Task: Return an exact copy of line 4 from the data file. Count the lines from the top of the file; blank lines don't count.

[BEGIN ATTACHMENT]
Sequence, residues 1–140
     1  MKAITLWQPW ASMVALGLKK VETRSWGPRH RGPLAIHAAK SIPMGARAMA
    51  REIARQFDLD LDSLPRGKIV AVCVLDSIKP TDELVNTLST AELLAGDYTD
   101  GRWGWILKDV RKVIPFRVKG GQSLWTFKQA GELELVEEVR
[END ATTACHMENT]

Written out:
   101  GRWGWILKDV RKVIPFRVKG GQSLWTFKQA GELELVEEVR